PETA’s stance on meat-free meals for cats and dogs

Given that a substantial number of pet owners are ‘interested’ in feeding their pet a plant-based diet, it would be helpful for pet professionals to have information at hand regarding this topic.

According to PETA (People for the Ethical Treatment of Animals), feeding companion animals meat-based commercial pet food could in fact be jeopardizing their health.

The article Meatless Meals for Dogs and Cats (published on PETA’s website) states, ‘the nutritional needs of many dogs and cats can be met with a balanced vegan diet and certain supplements.’

It argues that it’s not unnatural to omit meat from the diets of dogs and cats, particularly as the meat we are generally feeding them (commercially processed) is not the type of meat they would naturally eat anyway. In this instance we’d be talking about whole mice and birds and meat they have hunted for themselves.

While PETA supports vegetarian food for dogs, it does highlight, “if a dog receives too little protein, calcium, or vitamin D, his or her health could be jeopardized.”

According to PETA’s article, dogs need two amino acids (L-carnitine and taurine), which can be insufficient in plant-based dog food unless it is supplemented. Deficiency in these amino acids can lead to serious health consequences, such as heart disease.

Cats have greater nutritional requirements than dogs. Our feline friends require a large amount of Vitamin A and taurine. Deficiency in these nutrients can lead to hearing and eye sight problems, as well as issues with skin, bones, intestinal and reproductive systems.

Experts warn of nutritional deficiencies in vegan cats and dogs

Veterinary nutritionist Lisa Freeman, in an article for Cummings Veterinary Medical Centre at Tufts University in New Engalnd, wrote, “In my 20 years as a veterinary nutritionist, I’ve seen vast improvements in our knowledge about pet nutrition, in the quality of commercial pet foods, and in our pets’ nutritional health (other than the unfortunate rise in obesity).

“However, in the last few years I’ve seen more cases of nutritional deficiencies due to people feeding unconventional diets, such as unbalanced home-prepared diets, raw diets, vegetarian diets and boutique commercial pet foods.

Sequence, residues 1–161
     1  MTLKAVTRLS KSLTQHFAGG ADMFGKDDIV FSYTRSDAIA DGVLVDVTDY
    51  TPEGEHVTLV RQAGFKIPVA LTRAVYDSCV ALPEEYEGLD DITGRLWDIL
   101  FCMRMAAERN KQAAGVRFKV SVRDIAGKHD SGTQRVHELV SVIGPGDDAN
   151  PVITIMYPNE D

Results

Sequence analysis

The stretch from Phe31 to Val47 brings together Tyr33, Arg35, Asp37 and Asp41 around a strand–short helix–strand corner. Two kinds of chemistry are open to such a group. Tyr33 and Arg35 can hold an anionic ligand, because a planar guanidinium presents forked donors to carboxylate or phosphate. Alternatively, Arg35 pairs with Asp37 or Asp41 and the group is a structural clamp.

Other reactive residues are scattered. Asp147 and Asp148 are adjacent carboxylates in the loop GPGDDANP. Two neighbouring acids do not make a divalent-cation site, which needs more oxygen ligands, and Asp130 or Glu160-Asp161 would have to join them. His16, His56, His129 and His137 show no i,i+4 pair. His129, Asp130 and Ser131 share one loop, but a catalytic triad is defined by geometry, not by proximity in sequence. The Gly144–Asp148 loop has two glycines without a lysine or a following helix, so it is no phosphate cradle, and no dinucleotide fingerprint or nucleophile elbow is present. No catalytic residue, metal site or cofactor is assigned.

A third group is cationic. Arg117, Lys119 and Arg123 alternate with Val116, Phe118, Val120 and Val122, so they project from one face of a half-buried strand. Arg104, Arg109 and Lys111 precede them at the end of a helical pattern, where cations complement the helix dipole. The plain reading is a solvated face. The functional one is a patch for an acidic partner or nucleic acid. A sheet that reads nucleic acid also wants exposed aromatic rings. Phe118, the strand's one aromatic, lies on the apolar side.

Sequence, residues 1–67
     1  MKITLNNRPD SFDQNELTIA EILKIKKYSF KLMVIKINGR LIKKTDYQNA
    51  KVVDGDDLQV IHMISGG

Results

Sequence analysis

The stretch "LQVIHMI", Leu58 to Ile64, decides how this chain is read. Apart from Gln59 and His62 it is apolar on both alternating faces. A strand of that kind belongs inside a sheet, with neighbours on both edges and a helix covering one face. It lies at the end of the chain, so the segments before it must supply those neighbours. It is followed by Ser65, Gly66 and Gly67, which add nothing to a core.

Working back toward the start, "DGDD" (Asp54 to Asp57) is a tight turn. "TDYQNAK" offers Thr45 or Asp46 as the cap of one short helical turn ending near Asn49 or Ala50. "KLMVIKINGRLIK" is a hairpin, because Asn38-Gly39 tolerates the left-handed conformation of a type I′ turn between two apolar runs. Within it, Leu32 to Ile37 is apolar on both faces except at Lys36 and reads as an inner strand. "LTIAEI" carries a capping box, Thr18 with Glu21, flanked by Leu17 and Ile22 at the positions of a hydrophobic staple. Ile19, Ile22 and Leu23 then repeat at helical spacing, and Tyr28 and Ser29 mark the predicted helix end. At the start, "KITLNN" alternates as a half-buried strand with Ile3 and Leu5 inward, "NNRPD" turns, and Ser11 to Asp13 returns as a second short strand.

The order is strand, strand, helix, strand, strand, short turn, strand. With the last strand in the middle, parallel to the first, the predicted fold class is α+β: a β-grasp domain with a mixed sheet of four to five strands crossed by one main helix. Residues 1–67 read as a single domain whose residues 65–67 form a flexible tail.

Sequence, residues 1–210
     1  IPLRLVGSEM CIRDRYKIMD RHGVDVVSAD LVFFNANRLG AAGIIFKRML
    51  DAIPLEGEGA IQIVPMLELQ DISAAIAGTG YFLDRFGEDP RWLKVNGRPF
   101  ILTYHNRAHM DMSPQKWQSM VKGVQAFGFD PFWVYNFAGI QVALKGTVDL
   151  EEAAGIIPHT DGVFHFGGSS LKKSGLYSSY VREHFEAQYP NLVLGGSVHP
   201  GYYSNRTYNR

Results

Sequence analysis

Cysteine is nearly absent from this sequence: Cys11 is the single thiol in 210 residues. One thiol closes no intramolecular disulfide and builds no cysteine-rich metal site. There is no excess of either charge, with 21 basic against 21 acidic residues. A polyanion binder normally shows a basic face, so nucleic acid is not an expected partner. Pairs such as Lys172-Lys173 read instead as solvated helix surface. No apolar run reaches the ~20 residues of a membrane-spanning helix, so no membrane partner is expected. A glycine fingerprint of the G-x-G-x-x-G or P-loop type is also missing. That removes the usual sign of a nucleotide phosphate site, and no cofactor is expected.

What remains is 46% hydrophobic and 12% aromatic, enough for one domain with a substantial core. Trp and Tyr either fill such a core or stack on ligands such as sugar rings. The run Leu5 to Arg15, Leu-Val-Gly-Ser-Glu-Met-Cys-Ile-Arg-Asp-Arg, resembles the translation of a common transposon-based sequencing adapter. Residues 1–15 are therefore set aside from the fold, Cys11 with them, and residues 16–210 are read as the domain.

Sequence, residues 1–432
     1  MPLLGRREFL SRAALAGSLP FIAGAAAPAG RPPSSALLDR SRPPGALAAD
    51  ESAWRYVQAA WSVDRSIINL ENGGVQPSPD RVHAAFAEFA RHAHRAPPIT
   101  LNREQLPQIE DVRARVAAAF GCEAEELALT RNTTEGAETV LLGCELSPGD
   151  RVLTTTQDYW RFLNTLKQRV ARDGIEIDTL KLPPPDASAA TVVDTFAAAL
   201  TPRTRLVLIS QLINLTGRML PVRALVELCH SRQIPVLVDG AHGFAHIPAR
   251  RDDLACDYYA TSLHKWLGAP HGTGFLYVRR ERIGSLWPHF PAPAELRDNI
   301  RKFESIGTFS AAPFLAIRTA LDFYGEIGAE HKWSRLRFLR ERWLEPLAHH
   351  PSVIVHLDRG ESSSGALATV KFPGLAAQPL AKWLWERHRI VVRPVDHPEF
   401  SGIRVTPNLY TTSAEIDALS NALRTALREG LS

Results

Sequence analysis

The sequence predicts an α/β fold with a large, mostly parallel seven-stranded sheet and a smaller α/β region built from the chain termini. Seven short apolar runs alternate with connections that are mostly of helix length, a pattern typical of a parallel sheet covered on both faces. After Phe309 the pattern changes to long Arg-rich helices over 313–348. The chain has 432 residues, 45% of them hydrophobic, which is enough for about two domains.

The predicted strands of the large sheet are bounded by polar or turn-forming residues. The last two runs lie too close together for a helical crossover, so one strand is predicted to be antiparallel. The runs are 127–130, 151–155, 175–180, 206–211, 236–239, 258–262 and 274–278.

Marketing is a powerful tool for selling pet foods and has initiated and expanded fads, that are unsupported by nutritional science, including grain-free and exotic ingredient diets.  All this makes it difficult for pet owners to know what is truly the best food for their pet.” 

While there’s a growing movement towards conscious consumerism and cruelty-free, questions remain regarding the safety of vegan and vegetarian diets for pets.

What we do know is that dogs and cats require a nutritionally balanced diet for optimum health. Unless a pet owner is absolutely sure that they have found the right combination of nutrients, ideally in consultation with a veterinary nutritionist, they should hold off making any meal changes.

Information sources:

McCormack, W. Vegan dogs: should canines go meat free? The Conversation, Sept 21, 2018. Accessed online April 2019.

Dodd SAS et al. Plant-based (vegan) diets for pets: A survey of pet owner attitudes and feeding practices. January 15, 2019. Journal PLoS ONE. Accessed online April 2019

Meatless Meals for Dogs and Cats. PETA website. Accessed online April 2019.

Freeman, L. A broken heart: Risk of heart disease in boutique or grain-free diets and exotic ingredients, June 4, 2018. Accessed online April 2019.

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Leanne Philpott

Leanne is a professional writer who works alongside her fur pal Chewie, delivering information that is accurate and relevant to our readers.